I had an email inquiry that sounds ever so reasonable.
It read, “price guides go as high as MS-65 and PF65, How are higher graded coins such as MS69&70 and PF69&70 given values? Is there some kind of formula used?”
It seems like a reasonable question, but I am sure my answer disappointed the sender.
“All pricing formulas work backwards from the market price. There is no formula for an MS-70 value based on a known MS-65 price. Prices are determined by the number of top graded pieces versus demand for them. Some modern issues have more MS-70 pieces than MS-65 in the population reports. This has the effect of depressing the prices and making very little difference in value between the two grades.”
Now my answer presumes that we are talking about new issues getting these new and very high grades.
However, with today’s higher quality control standards and many issues made only for sale directly to collectors, more and more coins achieve these higher grades.
So the relationship between the price of an MS-65 Morgan and one in MS-69 will be entirely different from that of a coin that was minted for collectors last year.
This is not to say that top grade coins are not desirable. They are. Some incredibly so, but they work off a different dynamic.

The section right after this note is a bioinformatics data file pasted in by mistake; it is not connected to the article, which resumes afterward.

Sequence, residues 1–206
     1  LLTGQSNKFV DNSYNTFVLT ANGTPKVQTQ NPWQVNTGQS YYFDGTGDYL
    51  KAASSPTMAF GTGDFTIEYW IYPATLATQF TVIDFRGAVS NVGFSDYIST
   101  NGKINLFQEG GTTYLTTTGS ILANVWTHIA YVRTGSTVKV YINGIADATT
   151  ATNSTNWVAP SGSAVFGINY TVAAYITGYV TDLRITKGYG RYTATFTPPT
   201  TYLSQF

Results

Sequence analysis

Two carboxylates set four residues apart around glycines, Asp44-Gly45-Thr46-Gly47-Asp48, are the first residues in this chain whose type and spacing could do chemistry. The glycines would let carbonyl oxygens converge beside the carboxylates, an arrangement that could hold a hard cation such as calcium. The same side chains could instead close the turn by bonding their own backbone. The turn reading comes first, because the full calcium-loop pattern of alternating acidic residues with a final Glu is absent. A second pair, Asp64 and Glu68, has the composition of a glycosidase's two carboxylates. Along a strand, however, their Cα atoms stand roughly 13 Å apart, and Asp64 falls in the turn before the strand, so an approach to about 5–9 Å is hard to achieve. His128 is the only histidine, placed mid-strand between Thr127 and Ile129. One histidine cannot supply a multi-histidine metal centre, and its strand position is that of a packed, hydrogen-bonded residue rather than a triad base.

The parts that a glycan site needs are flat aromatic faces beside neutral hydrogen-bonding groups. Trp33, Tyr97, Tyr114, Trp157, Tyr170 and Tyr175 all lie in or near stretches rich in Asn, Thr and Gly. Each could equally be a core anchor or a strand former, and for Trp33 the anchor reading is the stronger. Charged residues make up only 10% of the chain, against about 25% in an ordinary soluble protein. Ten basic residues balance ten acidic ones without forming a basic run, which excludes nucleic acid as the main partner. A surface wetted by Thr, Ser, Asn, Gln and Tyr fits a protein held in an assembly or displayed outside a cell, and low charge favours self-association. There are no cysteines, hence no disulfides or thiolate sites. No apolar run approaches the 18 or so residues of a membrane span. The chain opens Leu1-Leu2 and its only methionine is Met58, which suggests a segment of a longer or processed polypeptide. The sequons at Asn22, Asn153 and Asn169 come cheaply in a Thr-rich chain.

What it boils down to is you have to look at conditions in every single issue and know that they are different.
That, I know, is the opposite of a formula, but it is the truth.
At any given time, it is the current market price that is real no matter what you might think it should be.
Sometimes the market price today can prove to be wrong in the long run. That’s where great study and a feel for markets can lead some collectors to great opportunities and success.
In short, if everybody had a formula, markets would not fluctuate and we could all buy low and sell high.
I have bought and lost enough money on sure things in the past to know that is not the case.
Buzz blogger Dave Harper is editor of the weekly newspaper “Numismatic News.”